Check out this craziness:

Must be good for something; of course Terrell Owens is trying to sell his own line of resistance bands.


#16

bands are useless when compared to the bone shattering power that using a maul through a sea of wood creates. and unless your heart rate is below 52bpm bands actually have negative effects. I would post more but I am tired and it would be sloppy ok?


#17

Jones so far is not riddled with injuries, and has beat everyone he fought, his DQ against Hammil was a mental lapse since he was dominating at the time.

If he thinks it works, it doesn't get him hurt, or even breaks the monotony of training than it is hard for me to fire a bunch of criticism from the side lines. Not that I would recommend or even try this shit.

Bad Exercises vs No Bad Exercises:

This is about risk reward and cost benefit, NOT PREFERANCE.

It is context specific, meaning who is going to do them and in order to achieve what?

I think everyone should read more great literature. It is not a priority if you are 12 weeks out from a fight. Something can be "good" but "for later".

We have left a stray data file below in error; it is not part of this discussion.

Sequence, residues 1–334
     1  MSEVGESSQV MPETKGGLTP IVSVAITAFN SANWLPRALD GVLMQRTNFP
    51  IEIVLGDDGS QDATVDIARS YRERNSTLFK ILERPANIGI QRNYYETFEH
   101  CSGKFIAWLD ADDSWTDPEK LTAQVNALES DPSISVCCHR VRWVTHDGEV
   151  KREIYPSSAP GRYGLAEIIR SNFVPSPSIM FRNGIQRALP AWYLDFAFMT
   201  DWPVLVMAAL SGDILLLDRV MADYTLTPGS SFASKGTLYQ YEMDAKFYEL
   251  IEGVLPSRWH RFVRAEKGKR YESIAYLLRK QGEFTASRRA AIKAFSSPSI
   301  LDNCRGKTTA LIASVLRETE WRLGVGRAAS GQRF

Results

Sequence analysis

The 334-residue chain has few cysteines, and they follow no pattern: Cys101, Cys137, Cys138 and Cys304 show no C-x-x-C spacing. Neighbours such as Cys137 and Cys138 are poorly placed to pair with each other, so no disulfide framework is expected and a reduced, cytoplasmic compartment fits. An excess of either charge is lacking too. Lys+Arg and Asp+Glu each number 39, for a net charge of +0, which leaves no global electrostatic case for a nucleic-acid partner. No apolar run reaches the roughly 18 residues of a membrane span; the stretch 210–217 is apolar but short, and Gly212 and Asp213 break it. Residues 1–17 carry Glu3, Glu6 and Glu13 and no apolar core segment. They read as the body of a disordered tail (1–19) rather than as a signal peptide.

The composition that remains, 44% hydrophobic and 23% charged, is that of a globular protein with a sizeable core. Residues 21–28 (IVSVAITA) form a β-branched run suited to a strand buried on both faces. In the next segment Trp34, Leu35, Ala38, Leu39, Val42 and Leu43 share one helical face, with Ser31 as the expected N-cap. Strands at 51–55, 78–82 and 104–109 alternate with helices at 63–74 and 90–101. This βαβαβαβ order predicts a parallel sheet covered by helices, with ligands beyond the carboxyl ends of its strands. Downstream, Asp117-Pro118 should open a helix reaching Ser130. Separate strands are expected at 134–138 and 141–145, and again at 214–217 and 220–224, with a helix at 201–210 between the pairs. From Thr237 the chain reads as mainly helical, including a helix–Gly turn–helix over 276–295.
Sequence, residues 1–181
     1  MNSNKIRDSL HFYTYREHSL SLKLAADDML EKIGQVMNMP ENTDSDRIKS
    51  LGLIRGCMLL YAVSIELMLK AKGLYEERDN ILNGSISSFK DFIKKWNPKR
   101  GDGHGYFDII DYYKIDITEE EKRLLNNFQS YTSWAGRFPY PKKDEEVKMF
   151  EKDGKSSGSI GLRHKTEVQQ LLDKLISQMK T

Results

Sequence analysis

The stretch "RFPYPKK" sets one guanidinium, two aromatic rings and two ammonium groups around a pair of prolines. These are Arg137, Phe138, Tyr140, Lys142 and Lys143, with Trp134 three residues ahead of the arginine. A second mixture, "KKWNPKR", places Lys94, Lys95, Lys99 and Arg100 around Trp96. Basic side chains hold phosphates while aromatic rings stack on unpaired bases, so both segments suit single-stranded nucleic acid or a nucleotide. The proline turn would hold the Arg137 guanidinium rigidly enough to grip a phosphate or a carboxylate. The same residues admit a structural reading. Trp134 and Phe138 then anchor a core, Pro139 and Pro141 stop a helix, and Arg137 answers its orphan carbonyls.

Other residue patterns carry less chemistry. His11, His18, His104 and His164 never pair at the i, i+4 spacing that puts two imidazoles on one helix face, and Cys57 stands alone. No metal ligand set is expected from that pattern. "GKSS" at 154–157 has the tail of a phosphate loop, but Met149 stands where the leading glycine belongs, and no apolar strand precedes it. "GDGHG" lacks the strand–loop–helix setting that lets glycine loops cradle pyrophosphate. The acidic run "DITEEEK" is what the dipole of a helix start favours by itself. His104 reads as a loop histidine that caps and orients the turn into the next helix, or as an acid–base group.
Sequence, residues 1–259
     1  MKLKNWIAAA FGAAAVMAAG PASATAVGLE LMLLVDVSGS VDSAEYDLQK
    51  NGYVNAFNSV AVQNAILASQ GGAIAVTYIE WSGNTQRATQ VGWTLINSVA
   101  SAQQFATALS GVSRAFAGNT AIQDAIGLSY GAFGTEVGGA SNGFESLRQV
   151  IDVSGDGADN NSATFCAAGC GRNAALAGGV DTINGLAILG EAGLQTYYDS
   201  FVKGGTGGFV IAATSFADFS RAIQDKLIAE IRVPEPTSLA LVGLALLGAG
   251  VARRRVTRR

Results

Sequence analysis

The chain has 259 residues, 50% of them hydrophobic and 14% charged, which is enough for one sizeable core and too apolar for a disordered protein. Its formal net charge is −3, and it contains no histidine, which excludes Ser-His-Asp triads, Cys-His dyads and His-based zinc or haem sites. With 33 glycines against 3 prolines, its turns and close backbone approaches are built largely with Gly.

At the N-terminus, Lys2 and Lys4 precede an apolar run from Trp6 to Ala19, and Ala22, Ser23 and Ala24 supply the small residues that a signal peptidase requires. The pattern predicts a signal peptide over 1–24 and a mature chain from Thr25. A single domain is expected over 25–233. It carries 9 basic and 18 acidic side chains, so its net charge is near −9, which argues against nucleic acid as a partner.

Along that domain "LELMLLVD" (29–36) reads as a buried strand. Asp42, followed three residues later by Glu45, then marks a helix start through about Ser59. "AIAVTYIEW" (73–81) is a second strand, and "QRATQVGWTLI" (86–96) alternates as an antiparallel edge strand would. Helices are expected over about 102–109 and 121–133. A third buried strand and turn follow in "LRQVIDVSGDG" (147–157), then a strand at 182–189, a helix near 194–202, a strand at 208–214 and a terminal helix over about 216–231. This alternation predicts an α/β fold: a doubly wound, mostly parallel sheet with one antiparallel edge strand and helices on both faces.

I try to frame the discussion/explain it as questions of "can't" vs "should not" and "can" vs "should".

If we take the current whipping boy, the bench press, I will go on record as saying any combat athlete needs to be able to bench. "I can bench" is a good statement. If an honest 5 X 5 workout on the bench press is going to aggravate/hurt/injure the athlete than they probably have some issues that are going to affect their competitiveness. Think of it as a screen. If my shoulder gets so jacked up from benching that I cannot train for days after or I risk injury than do we expect me to be able to perform all the other training? This is what "I can't bench." means to me.